We are pleased to share the edited introduction to La Strada that Mamoun gave on the 6th January this year, which ended up being an introduction to Neorealist cinema past and present.
Erratum. Rome Open City was of course made in 1945 not 1948 as Mamoun said. Too many films, directors, dates…..
We intend on sharing edited highlights of the Q&A session that was held after the showing of La Strada which focussed more on the film itself.
Giulietta Masina in Fellini’s La Strada
Mamoun kicks off the new year with a matinee of Fellini’s masterpiece La Strada as the first Seniors’ screening of the year.
We are planning to film the Q&A to make it available on this site after the event.
This is a Seniors’ paid Matinee, and tickets can be booked here.
Following Mamoun’s introduction to Babylon in Calgary, he was invited to introduce it again at the BFI Southbank in London this July, as part of a coordinated series of events linked to ‘Get Up, Stand Up Now’ at Somerset House in London, which also included an event at the Jazz Cafe featuring a musical reworking of music from the film by members of the original cast/band. Mamoun was initially reluctant to revisit the film so soon, but chose, instead, to change his normal rule of not quoting or directly commenting on the impact of a film, as his own revisit to Babylon had been so powerful. We urge you to make your own voyage of discovery.
Filmed by Sherief Hassan
Edited by Sherief Hassan
Babylon can be purchased on Amazon in the UK here, and on Amazon international/US here. Anyone wanting to own a restored Blu-ray copy, should follow the International/US link.
During a visit to family in Alberta, Canada, Mamoun’s elder son, Sherief, in England sent the barely credible news that Babylon was to be screened in Calgary as part of the Riddim West reggae festival. The last and only time the film had been shown in Canada was at the Toronto Film Festival in 1980. Anies, Mamoun’s younger son, contacted the reggae festival’s organiser, Leo Cripps, and mentioned Mamoun’s connection with Babylon. Leo graciously invited Mamoun to introduce the film.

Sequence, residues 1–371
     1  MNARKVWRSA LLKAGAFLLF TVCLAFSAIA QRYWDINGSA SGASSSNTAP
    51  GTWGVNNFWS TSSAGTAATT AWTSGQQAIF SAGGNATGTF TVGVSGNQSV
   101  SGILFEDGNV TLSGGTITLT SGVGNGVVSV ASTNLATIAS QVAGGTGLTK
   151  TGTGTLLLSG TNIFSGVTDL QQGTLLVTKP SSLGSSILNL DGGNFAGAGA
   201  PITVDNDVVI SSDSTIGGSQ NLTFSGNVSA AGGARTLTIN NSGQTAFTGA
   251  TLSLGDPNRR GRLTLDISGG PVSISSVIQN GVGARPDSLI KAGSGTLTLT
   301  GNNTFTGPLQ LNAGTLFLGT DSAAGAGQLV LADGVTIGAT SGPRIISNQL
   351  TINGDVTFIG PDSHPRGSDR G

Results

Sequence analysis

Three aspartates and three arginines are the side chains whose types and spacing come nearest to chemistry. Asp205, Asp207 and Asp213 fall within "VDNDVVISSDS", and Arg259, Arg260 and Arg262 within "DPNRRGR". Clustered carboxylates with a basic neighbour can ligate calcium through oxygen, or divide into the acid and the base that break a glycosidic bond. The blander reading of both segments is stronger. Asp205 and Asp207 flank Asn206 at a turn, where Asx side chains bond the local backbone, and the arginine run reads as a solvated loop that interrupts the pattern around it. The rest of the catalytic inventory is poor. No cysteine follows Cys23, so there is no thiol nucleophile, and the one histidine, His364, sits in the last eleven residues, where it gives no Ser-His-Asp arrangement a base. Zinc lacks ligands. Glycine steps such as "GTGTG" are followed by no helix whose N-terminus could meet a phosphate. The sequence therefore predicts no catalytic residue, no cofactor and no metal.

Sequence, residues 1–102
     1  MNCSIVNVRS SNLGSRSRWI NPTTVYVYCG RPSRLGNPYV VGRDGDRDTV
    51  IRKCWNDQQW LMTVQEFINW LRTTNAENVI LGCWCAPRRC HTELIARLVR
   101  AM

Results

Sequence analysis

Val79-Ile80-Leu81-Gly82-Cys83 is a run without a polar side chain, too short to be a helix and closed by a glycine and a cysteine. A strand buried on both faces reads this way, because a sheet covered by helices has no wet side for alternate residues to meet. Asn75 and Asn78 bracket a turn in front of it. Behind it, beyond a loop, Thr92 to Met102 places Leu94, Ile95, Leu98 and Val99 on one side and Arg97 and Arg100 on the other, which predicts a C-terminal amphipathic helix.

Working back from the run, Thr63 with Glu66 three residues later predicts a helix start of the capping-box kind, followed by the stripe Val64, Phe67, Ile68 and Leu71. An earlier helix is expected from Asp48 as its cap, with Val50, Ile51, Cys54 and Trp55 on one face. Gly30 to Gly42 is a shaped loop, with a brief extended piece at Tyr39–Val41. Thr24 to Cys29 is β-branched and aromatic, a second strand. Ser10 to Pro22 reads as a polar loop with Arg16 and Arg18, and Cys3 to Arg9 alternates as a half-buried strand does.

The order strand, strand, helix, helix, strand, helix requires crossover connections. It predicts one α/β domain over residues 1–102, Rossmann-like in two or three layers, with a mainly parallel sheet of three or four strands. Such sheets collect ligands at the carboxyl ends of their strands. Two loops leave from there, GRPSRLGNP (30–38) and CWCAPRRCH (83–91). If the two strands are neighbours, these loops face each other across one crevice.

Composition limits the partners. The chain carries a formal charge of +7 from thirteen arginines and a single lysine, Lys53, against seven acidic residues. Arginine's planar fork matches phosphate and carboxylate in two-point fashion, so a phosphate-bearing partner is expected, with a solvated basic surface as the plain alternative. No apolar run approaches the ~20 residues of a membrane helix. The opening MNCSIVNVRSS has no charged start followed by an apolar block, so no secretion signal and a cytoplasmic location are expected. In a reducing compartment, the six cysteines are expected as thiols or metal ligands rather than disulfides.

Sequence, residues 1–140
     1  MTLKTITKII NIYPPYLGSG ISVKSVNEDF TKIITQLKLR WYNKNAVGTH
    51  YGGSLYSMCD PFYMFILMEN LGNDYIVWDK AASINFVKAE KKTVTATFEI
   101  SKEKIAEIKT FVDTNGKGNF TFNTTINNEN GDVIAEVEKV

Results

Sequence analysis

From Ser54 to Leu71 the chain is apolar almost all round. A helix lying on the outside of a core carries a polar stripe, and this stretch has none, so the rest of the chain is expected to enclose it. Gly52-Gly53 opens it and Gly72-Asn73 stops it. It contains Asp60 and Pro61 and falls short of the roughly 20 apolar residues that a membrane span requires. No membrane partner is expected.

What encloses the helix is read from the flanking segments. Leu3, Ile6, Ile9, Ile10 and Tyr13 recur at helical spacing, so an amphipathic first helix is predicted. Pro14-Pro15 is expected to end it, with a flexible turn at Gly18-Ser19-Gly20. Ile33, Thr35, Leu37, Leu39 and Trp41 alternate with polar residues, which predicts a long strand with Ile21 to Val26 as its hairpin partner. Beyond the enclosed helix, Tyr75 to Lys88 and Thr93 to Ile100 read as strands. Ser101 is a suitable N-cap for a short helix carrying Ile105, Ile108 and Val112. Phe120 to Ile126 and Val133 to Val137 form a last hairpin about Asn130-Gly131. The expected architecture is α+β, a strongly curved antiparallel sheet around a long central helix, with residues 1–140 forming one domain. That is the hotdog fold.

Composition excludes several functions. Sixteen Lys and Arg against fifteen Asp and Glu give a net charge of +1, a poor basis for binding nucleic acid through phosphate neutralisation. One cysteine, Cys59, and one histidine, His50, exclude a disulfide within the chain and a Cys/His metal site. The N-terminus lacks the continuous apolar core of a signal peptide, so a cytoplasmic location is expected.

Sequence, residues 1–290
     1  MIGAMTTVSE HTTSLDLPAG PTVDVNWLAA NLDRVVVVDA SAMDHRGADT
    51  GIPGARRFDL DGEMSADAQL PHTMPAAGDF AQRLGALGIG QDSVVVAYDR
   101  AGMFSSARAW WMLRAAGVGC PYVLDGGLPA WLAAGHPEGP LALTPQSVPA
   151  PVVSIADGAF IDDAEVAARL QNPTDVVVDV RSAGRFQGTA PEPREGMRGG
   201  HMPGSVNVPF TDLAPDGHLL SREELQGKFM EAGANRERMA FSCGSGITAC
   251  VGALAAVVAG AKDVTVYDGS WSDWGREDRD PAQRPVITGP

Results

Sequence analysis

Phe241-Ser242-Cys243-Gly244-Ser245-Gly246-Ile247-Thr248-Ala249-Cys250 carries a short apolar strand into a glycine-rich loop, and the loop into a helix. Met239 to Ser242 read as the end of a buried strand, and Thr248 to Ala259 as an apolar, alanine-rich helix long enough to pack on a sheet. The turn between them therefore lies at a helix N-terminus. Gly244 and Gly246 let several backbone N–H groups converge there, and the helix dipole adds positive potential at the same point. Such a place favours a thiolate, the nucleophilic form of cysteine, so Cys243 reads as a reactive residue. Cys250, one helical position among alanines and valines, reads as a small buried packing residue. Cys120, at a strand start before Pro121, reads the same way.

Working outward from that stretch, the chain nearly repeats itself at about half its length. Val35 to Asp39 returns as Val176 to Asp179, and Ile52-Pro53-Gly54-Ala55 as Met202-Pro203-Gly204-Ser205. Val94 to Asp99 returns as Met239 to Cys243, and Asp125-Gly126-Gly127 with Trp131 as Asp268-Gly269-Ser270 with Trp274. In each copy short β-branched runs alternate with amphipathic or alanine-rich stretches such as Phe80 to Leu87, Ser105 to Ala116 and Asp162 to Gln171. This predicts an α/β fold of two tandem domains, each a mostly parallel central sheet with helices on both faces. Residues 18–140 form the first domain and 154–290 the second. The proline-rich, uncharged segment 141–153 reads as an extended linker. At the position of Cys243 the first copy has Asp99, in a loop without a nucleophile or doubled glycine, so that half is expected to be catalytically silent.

Filmed by Anies Hassan and Eric Giesbrecht
Edited by Anies Hassan
The release of Franco Rosso’s
Babylon in the US earlier this year
triggered a series of memories for me of cinema in the UK in the 80s. The film received rave review in The New
Yorker, The New York Times, Rolling Stone, The LA Times and elsewhere. They spoke
of it not only as a piece of compelling entertainment but also as a social and
political document, as relevant today as it was four decades ago. British reviewers
and critics have chosen to ignore the phenomenon.
For a time now, the term
‘social realism’ as applied to British cinema has been one of dismissal or even
contempt. It was just about OK if you added a prefix of ‘poetic’ or ‘neo’
before ‘realism’ – or, of course, if the film was foreign. We seem too caught up with stories of murderous
psychotics and their multi-various and exotic ways of slaughter, and endless
series of the lives of our dysfunctional Royals Through The Ages.
Meanwhile Babylon and much
else is falling apart.…
The British Film Institute Southbank is screening:
Dir Horace Ove
Friday 19 July 2019 18.10
Intro by Dr Elizabeth M Wiliams
Goldsmiths University of London
Dir Franco Rosso
Friday 19 July 2019 20.50
Intro from Filmmaker Mamoun Hassan
Filed under Lecturing, News
Mamoun was very pleased that the screening of Iosif Heifitz lyrical adaptation of Anton Chekhov’s The Lady with the Dog was shown in the larger NFT 1 at the BFI Southbank. It is over 20 years since this classic film has been shown. The packed audience were moved to applause after the screening, and showed their appreciation to BFI programmer David Somerset for arranging this rare opportunity to see this masterpiece of Russian cinema.